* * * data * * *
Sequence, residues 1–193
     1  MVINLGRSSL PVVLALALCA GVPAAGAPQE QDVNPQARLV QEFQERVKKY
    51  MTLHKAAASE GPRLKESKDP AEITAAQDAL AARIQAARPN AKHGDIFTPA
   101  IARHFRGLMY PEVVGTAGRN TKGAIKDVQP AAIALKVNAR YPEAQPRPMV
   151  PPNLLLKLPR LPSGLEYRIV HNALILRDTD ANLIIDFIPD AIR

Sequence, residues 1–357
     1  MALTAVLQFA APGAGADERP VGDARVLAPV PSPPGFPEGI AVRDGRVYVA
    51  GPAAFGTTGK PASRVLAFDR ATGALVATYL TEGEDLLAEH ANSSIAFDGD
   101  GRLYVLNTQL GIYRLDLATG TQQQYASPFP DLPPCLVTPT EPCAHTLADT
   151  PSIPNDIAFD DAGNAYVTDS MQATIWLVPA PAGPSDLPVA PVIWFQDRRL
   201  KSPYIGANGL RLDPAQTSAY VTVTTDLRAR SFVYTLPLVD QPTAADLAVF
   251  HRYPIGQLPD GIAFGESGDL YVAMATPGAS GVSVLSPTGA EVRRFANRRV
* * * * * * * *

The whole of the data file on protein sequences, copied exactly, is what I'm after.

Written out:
Sequence, residues 1–193
     1  MVINLGRSSL PVVLALALCA GVPAAGAPQE QDVNPQARLV QEFQERVKKY
    51  MTLHKAAASE GPRLKESKDP AEITAAQDAL AARIQAARPN AKHGDIFTPA
   101  IARHFRGLMY PEVVGTAGRN TKGAIKDVQP AAIALKVNAR YPEAQPRPMV
   151  PPNLLLKLPR LPSGLEYRIV HNALILRDTD ANLIIDFIPD AIR

Sequence, residues 1–357
     1  MALTAVLQFA APGAGADERP VGDARVLAPV PSPPGFPEGI AVRDGRVYVA
    51  GPAAFGTTGK PASRVLAFDR ATGALVATYL TEGEDLLAEH ANSSIAFDGD
   101  GRLYVLNTQL GIYRLDLATG TQQQYASPFP DLPPCLVTPT EPCAHTLADT
   151  PSIPNDIAFD DAGNAYVTDS MQATIWLVPA PAGPSDLPVA PVIWFQDRRL
   201  KSPYIGANGL RLDPAQTSAY VTVTTDLRAR SFVYTLPLVD QPTAADLAVF
   251  HRYPIGQLPD GIAFGESGDL YVAMATPGAS GVSVLSPTGA EVRRFANRRV